Intellectuals and Society by Thomas Sowell
My rating: 3 of 5 stars
I was disappointed by this book. It does have some very interesting analyses; and there is much that Sowell explains and discusses here that is important. But more than anything, this seemed like an airing of grievances against intellectuals. Sowell has many gripes with intellectuals. Many of these (though not all) I agree with and think Sowell provides sufficient grounding for these. Yet, there is probably too much overgeneralizing and oversimplifying. And I think there are several points that Sowell is not being fair or charitable to those who he is criticizing as well.
Sowell’s general point is that intellectuals have had a far too great influence on society and often that influence has been harmful to society. He defines intellectuals as those whose careers are primarily about working with ideas. There has been a tendency, as Sowell describes it, for such people to see themselves as what he calls the ‘anointed.” The anointed see themselves, because of their intellectual work, as having special or higher knowledge, and that this endows them with superior insight on how to run society. But, because of many of the features Sowell elucidates, they end up making a mess of things (or would if more had listened).
Two of the most impactful features he highlights are the lack of accountability and the presumption of general knowledge from specialized fields. That is, because they work with ideas (but not the real-world consequences), intellectuals rarely are held accountable for the impact of the ideas. And though intellectuals often are experts in specialized academic disciplines, they feel empowered to speak out more generally on general issues about which they are about as knowledge as anyone else (meaning about as ignorant). Sowell also argues that intellectuals engage in and are enamored by what he calls “verbal virtuosity.” Using clever turns of phrases, intellectuals are often able to avoid argument or engagement with opposing ideas.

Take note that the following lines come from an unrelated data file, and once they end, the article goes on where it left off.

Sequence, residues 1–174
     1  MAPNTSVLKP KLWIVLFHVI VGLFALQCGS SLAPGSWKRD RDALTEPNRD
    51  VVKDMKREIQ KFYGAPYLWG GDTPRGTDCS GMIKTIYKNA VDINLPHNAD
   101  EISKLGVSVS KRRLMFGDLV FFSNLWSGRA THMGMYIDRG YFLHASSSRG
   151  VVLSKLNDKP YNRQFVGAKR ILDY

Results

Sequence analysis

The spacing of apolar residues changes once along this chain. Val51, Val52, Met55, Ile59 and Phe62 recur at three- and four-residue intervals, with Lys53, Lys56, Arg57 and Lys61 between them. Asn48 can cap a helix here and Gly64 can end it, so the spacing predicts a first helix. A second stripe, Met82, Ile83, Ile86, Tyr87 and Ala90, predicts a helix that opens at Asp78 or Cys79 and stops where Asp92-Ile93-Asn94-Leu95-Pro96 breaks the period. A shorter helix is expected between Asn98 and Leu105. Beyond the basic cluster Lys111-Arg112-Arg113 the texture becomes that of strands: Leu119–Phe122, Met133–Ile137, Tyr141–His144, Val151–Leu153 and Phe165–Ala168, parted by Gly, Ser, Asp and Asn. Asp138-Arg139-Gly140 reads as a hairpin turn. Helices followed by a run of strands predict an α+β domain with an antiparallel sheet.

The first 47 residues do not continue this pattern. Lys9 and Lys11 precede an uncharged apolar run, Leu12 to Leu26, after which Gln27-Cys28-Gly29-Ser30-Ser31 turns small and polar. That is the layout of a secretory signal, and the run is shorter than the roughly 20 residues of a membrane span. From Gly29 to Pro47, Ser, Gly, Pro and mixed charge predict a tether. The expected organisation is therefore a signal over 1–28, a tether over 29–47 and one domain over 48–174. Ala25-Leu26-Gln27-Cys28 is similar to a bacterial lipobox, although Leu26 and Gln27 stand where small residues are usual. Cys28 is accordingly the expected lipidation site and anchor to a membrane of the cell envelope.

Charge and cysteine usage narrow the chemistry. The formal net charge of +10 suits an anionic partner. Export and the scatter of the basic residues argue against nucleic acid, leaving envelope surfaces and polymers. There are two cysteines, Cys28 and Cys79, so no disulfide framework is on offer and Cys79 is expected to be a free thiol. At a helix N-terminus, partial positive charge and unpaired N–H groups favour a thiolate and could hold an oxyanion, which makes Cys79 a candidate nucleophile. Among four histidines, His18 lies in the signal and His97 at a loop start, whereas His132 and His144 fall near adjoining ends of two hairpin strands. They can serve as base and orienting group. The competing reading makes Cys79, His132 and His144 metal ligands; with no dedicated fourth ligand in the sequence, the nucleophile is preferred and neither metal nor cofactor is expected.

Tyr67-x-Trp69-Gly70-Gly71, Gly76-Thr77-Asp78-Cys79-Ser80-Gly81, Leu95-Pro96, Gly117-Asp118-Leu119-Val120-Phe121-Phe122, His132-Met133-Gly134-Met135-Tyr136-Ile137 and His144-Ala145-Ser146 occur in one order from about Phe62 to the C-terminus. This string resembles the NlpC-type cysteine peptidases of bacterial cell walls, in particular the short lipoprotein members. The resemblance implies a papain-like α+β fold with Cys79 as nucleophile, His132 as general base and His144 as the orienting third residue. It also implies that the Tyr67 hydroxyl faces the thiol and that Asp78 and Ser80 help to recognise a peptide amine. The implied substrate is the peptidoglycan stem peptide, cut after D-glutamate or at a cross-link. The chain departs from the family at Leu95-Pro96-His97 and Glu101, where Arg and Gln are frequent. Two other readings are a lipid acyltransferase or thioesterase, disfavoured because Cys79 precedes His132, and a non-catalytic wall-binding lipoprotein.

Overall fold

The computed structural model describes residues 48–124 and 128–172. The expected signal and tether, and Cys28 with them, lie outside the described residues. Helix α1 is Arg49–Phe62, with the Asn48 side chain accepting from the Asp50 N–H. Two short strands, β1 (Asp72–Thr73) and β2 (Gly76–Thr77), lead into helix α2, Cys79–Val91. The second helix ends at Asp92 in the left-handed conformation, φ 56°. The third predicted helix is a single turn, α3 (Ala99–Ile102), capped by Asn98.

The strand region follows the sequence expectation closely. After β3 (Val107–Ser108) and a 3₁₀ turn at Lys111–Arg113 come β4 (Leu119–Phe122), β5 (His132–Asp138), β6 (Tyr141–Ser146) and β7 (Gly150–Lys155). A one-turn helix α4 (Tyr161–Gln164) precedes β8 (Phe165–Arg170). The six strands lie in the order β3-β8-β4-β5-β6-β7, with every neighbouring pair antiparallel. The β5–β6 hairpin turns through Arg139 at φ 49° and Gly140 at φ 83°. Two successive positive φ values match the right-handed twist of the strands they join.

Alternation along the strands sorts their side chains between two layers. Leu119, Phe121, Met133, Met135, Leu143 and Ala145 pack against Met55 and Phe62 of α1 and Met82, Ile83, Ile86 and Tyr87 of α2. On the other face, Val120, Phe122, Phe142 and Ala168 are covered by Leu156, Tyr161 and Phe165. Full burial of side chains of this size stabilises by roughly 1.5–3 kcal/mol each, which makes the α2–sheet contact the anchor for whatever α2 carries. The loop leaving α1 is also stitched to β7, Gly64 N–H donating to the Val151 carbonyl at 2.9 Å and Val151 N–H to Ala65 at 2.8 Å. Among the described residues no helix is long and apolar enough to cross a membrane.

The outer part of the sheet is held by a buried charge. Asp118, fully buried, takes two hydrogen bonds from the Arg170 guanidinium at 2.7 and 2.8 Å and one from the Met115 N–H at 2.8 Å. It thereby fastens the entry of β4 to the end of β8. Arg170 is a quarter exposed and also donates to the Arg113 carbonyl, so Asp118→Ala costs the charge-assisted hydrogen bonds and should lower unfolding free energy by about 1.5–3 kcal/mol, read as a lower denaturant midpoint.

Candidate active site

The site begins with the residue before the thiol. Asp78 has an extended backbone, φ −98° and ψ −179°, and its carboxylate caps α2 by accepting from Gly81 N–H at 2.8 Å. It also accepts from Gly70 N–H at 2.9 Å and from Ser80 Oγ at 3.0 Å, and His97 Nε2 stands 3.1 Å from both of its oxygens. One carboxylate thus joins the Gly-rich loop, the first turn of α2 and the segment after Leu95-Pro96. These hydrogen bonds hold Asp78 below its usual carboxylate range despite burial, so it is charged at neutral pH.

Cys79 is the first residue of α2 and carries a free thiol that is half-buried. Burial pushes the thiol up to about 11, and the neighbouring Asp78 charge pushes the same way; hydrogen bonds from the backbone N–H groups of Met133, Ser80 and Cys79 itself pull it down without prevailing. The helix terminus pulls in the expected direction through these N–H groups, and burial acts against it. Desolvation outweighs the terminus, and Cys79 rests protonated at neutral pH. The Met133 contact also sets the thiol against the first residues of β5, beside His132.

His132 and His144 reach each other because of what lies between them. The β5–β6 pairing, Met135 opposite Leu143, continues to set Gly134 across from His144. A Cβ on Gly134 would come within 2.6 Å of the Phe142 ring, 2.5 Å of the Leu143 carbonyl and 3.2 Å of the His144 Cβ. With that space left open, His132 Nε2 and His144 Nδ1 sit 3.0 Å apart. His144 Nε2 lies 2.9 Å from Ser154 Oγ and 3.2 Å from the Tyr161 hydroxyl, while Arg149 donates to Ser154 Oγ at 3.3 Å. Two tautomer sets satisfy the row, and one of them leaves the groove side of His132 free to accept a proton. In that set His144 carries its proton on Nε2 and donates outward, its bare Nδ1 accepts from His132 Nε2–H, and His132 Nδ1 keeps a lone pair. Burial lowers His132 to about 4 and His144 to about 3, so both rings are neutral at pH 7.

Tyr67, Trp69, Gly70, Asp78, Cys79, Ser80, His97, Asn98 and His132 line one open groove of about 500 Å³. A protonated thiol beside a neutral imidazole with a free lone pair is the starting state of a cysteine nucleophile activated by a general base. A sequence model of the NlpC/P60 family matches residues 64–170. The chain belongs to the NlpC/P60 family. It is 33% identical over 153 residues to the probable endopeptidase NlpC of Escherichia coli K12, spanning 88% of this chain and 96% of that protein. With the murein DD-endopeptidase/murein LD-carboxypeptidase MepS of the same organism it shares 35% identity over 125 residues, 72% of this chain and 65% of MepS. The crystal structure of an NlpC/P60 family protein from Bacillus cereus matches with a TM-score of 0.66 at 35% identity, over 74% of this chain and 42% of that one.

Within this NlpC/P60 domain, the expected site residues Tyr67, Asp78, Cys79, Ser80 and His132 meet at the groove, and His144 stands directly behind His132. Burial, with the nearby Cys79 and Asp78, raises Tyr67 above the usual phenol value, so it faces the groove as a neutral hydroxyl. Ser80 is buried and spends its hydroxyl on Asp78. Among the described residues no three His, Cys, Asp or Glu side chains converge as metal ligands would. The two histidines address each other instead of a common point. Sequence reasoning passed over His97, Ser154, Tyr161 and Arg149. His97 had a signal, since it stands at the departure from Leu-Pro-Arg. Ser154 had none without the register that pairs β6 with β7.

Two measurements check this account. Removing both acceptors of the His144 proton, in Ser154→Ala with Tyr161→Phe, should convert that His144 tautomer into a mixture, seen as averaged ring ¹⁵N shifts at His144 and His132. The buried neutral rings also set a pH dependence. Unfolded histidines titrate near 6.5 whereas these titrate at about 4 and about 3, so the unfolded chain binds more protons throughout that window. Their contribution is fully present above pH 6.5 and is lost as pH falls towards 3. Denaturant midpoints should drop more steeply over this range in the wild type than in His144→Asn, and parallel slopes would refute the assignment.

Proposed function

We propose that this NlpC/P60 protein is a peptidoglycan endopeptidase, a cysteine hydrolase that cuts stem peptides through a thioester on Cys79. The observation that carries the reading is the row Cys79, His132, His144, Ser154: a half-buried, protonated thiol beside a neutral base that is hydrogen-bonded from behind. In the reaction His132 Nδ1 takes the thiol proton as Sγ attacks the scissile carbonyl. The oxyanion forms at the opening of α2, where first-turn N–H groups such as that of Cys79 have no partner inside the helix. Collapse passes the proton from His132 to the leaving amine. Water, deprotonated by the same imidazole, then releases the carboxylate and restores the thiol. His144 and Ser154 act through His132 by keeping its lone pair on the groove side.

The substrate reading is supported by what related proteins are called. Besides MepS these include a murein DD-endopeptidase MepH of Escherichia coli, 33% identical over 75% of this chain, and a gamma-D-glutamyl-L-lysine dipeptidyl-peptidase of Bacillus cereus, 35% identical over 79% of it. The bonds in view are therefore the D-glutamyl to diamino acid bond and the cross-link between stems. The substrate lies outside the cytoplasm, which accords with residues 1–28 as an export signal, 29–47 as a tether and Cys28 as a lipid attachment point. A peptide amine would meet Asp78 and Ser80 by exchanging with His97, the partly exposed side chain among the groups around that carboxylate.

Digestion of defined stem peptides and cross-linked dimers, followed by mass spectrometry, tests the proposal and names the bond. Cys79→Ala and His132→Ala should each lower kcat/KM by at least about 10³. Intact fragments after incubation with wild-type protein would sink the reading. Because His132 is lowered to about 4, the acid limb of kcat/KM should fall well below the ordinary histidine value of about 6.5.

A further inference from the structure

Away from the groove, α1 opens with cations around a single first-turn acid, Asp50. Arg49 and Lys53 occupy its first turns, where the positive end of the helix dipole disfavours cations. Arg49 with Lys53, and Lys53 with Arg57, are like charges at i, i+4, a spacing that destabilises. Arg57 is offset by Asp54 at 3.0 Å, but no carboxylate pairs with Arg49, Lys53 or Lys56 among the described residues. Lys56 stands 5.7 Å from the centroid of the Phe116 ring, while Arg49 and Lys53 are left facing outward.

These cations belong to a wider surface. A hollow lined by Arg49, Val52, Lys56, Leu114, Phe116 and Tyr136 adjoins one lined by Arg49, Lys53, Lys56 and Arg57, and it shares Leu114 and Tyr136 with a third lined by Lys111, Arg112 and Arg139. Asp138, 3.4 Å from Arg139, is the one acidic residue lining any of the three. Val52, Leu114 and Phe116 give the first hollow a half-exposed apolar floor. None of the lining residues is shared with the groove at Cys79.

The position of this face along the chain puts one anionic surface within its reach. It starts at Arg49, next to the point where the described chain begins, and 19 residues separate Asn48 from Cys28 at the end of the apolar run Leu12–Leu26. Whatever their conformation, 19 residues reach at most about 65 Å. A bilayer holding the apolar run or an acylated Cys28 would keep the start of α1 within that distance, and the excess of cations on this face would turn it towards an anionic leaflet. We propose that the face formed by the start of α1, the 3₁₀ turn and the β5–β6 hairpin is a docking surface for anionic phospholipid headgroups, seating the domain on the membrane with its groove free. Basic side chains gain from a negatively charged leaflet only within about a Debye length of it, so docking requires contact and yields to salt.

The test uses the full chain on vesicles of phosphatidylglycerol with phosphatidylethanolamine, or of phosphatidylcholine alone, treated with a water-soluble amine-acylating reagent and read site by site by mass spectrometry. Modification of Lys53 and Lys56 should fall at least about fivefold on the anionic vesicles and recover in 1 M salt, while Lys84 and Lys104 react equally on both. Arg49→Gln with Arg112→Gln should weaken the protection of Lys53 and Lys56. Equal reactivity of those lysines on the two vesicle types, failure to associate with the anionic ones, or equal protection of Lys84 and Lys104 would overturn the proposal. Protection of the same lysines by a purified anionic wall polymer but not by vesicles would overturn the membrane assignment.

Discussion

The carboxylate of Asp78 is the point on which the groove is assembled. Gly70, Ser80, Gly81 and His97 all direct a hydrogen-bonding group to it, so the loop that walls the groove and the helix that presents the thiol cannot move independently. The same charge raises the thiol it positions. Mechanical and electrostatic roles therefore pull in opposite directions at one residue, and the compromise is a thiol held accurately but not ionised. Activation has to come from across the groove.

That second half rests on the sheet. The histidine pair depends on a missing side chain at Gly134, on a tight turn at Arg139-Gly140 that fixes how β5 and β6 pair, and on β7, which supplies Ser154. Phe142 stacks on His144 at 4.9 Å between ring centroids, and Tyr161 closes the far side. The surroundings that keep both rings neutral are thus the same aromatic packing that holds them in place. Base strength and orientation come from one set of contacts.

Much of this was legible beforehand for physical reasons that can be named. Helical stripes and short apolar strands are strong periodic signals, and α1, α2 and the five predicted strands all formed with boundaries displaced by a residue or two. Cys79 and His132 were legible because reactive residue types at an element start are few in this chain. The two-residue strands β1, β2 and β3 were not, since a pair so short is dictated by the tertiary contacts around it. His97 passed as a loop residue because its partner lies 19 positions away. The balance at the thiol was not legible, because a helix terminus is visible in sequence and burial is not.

Sowell runs through various areas where intellectuals have an impact: law, war, education, the media, etc. After a while, it gets a bit repetitive. The book could have been a third the size and been much stronger for it. Or it might have been two or three different books. Some parts where far more interesting than others. The sections on the intellectuals influence on war was the most engaging. Sowell lays out, in fairly convincing ways, how the intellectuals’ arguments for pacifism and disarmament lead time and time again to war.
There are certainly much better works by Sowell to read than this. There is some good stuff here, but I get the sense that much of the good is recycled from his earlier works.
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